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PLoS Negl Trop Dis. 2016 Feb 22;10(2):e0004472. doi: 10.1371/journal.pntd.0004472. eCollection 2016 Feb.

Development and Evaluation of Reverse Transcription-Loop-Mediated Isothermal Amplification (RT-LAMP) Assay Coupled with a Portable Device for Rapid Diagnosis of Ebola Virus Disease in Guinea.

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Institute of Tropical Medicine (NEKKEN), Nagasaki University, Nagasaki, Japan.
Laboratoire des Fièvres Hémorragiques en Guinée, Conakry, Guinea.
Hôpital National Donka, Service des Maladies Infectieuses et Tropicales, Conakry, Guinea.
Université Gamal Abdel Nasser, Conakry, Guinea.
Graduate School of Biomedical Sciences and Program for Nurturing Global Leaders in Tropical and Emerging Communicable Diseases, Nagasaki University, Nagasaki, Japan.
Research Center for Zoonosis Control, Hokkaido University, Sapporo, Japan.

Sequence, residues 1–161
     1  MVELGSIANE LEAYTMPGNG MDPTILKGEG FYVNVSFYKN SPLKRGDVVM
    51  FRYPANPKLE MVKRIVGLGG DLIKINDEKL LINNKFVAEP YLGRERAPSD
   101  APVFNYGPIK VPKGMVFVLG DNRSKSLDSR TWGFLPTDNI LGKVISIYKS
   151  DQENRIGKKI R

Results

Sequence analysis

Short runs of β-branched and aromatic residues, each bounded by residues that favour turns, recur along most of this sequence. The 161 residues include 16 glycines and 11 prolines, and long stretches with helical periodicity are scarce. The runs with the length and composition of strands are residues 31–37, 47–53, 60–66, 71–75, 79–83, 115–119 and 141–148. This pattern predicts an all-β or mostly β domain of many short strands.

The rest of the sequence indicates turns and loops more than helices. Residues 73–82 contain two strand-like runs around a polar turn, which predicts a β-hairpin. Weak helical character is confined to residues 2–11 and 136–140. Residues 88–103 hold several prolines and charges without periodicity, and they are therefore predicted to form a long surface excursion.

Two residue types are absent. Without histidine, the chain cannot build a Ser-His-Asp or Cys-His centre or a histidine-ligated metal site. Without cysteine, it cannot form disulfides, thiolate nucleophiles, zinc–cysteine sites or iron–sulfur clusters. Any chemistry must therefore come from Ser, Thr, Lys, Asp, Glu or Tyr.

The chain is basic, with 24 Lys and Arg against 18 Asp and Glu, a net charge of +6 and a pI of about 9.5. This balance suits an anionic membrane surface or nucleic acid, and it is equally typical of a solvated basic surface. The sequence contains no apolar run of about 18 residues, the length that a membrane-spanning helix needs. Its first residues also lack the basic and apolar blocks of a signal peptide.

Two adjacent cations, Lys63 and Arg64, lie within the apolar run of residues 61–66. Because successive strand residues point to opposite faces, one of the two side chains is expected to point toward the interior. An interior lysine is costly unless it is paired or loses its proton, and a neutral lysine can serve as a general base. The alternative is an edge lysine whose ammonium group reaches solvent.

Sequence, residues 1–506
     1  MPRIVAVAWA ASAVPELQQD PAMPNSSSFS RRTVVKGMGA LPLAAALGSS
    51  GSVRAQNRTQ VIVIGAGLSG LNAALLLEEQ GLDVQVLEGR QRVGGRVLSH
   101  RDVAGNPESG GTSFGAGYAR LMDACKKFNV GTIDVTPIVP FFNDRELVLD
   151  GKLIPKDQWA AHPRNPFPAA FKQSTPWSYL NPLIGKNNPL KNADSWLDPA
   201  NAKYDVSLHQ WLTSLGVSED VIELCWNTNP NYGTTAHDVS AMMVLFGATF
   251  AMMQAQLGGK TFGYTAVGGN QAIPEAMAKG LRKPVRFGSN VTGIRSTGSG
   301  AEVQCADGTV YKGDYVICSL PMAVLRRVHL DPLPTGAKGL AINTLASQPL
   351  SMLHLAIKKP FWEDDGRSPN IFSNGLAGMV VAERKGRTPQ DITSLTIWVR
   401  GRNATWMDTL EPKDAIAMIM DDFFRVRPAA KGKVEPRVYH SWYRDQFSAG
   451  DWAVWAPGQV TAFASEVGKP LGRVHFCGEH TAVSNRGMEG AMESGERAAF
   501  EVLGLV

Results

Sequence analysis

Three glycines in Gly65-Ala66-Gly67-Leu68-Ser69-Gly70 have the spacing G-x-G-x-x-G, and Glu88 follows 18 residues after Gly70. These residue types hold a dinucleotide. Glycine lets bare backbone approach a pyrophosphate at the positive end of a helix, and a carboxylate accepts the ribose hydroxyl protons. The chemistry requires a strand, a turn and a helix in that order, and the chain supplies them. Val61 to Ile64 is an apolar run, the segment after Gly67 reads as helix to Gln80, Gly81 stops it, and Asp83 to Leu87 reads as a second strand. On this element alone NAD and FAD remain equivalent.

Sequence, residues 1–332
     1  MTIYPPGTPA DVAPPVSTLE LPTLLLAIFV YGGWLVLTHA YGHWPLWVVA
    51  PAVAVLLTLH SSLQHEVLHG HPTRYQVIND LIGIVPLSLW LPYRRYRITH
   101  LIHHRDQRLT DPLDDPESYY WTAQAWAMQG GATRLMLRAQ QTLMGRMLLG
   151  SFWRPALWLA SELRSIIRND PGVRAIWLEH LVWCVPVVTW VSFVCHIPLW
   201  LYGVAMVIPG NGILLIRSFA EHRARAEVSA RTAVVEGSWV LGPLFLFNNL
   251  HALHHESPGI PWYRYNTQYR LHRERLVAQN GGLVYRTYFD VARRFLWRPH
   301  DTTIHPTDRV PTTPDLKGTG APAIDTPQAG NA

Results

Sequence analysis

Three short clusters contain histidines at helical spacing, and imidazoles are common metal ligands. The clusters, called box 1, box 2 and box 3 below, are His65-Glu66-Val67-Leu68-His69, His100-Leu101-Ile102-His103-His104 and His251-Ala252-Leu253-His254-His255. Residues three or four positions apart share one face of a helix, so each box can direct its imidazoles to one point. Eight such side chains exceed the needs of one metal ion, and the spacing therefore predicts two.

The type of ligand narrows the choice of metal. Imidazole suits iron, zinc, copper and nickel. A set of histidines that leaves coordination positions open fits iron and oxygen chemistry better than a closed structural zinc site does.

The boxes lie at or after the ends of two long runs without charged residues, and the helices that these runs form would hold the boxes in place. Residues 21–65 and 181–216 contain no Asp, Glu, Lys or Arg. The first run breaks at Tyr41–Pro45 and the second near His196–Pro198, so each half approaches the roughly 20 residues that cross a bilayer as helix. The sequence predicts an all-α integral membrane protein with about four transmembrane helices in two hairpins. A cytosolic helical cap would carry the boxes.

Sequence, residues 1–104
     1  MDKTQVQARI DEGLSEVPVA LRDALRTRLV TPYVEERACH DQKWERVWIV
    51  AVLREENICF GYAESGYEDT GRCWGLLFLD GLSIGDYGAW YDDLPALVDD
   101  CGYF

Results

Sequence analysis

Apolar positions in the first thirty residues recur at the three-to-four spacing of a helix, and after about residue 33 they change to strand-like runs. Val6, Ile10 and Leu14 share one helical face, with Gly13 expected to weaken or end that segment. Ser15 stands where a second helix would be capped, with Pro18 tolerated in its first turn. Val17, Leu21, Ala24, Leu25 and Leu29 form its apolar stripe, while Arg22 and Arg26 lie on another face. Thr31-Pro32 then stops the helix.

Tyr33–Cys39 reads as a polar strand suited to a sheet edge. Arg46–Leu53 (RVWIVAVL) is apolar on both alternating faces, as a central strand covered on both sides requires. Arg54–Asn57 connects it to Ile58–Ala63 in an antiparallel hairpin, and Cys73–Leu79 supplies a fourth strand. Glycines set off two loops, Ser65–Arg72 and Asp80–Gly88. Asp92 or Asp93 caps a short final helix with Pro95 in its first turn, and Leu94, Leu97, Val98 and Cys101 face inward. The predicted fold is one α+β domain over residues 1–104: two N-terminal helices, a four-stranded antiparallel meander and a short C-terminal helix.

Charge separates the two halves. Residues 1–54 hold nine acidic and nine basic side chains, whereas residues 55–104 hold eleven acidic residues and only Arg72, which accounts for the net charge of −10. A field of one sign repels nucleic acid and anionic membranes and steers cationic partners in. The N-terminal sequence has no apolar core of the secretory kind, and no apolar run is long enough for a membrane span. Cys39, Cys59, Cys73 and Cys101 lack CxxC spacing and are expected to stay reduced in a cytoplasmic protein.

Given the current absence of specific drugs or vaccines for Ebola virus disease (EVD), rapid, sensitive, and reliable diagnostic methods are required to stem the transmission chain of the disease. We have developed a rapid detection assay for Zaire ebolavirus based on reverse transcription-loop-mediated isothermal amplification (RT-LAMP) and coupled with a novel portable isothermal amplification and detection platform. The RT-LAMP assay is based on primer sets that target the untranscribed trailer region or nucleoprotein coding region of the viral RNA. The test could specifically detect viral RNAs of Central and West African Ebola virus strains within 15 minutes with no cross-reactivity to other hemorrhagic fever viruses and arboviruses, which cause febrile disease. The assay was evaluated using a total of 100 clinical specimens (serum, n = 44; oral swab, n = 56) collected from suspected EVD cases in Guinea. The specificity of this diagnostic test was 100% for both primer sets, while the sensitivity was 100% and 97.9% for the trailer and nucleoprotein primer sets, respectively, compared with a reference standard RT-PCR test. These observations suggest that our diagnostic assay is useful for identifying EVD cases, especially in the field or in settings with insufficient infrastructure.

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